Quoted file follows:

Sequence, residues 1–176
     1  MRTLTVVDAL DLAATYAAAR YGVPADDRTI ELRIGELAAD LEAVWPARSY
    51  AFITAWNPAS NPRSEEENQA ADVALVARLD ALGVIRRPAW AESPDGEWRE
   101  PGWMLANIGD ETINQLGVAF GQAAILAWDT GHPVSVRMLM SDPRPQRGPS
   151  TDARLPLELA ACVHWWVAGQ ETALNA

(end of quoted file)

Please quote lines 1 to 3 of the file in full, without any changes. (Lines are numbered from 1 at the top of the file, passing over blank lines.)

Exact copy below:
Sequence, residues 1–176
     1  MRTLTVVDAL DLAATYAAAR YGVPADDRTI ELRIGELAAD LEAVWPARSY
    51  AFITAWNPAS NPRSEEENQA ADVALVARLD ALGVIRRPAW AESPDGEWRE